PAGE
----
Max Garwick starts the cycling leg of the Northbrook ...
July 27, 2012
Local children got moving at Meadowhill Park and the Ed Rudolph Velodrome on July 20 for the Northbrook Park District's third annual Kids' Duathlon.
Seventy-eight young athletes from ages 5-14 participated in the event, which consisted of a 250-meter bike ride and a quarter-, half- or one-mile run, depending on the age group.
Participants received a medal of achievement and a goodie bag complete with a water bottle, coupons for park district activities and product samples. They were also invited to the Meadowhill Aquatics Center for post-race pizza and swimming.
"Tonight is more about fun and fitness than competition," park district communications specialist Gail Baritz said. "Kids participate in two activities in one sport, which is pretty unusual, and get to experience a terrific facility that is unique to Northbrook."
Karrie Gottschild and her 6-year-old, Graham, cheerfully encouraged 8-year-old Audrey Gottschild at the start of her turn in the cycling leg of the event: the Flying 250, which consisted of bikers riding individually against the clock. Graham competed in the 5- to-7-year-old age group.
"Audrey is pretty active. She plays basketball and soccer, swims and does karate," Karrie said. "But this is the first time she's done something like this, and she's really excited about it."
Audrey covered 250 meters in 27.1 seconds.
"I got really tired at the end," she said, "but I got energy when I heard my friends [cheering me on]."
She was also the first girl in her age group in her heat for the running portion, going a half-mile in 3:19.
"What's great about this event is that the kids who participate walk away with a sense of achievement for what they've done," said Jon Pratscher, a leisure services supervisor for the park district.
Leisure services supervisor Angus Shields said he was happy with the event's turnout, which has grown each year.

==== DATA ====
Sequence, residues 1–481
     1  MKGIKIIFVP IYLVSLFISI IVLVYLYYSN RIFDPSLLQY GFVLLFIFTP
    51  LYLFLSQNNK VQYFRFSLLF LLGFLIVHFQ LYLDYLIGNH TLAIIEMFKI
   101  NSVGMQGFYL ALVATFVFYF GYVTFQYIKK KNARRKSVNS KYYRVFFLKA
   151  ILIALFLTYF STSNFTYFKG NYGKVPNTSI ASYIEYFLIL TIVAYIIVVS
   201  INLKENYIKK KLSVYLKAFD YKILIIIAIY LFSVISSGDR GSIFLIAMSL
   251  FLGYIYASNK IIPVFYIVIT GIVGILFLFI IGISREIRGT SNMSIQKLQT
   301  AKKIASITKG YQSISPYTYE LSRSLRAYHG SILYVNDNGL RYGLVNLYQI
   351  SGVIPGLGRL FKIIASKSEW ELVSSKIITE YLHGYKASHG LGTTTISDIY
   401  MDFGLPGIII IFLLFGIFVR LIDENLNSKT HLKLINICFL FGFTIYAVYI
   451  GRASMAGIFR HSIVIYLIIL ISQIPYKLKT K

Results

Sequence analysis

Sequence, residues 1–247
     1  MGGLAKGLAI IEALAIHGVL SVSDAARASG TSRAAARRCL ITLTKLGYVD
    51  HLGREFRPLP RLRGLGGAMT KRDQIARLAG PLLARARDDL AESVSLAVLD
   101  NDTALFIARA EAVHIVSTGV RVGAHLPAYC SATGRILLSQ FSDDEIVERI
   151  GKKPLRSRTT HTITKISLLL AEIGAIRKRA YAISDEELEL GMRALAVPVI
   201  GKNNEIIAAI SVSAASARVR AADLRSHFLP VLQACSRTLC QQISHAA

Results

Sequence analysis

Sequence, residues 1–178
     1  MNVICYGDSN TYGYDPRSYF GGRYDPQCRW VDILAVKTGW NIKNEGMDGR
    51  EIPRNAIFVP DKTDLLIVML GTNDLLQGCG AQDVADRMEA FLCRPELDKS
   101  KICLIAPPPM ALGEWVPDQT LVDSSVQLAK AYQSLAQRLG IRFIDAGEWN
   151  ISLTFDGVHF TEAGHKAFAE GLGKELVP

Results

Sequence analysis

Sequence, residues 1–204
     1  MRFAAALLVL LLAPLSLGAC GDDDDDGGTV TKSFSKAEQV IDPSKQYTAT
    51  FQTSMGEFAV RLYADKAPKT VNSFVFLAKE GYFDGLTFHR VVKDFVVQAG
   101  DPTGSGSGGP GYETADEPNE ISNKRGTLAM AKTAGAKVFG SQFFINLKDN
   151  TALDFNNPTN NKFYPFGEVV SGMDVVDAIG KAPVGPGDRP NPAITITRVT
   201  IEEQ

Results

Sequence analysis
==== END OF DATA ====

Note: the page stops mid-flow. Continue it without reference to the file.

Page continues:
"We partner with Northbrook Bicycle Club on this event," he said. "The club hosts a children's learn-to-ride at the velodrome every Wednesday, as well as rider development activities and races throughout the season. So that really helps generate participation for this event."
But some participants, like Westcott School third-grader Sean Coughlin, had never cycled at the velodrome before July 20. He spent a little time before the race trying out the track banks.
"It's a little more difficult than riding on a regular sidewalk," he said. "It actually gets faster on the small sloping part, and then you go really fast on the flat parts."
Greenbriar School fourth-grader Michael Mosko, on the other hand, competed in last year's event and returned this year with the goal of improving his times.
"I want to bike and run faster than I did last year," he said.
Michael took first in his half-mile heat at 3:19. His 6-year-old brother, Joey, also signed up for the event this year after noting Michael's enthusiasm.
"It's not intimidating. It's perfect distances," said their mother, Nancy. "They don't bike enough or run very much, so it's a perfect way to keep them interested in both and expose them to a new sport."
Westcott student Ella Shmarak, 7, participated in the duathlon for the first time this year. Her parents, Amy and Michael, said she recently participated in a fun run and wanted to try cycling as well.
"She's out to do her best today and have a good time," Amy said.
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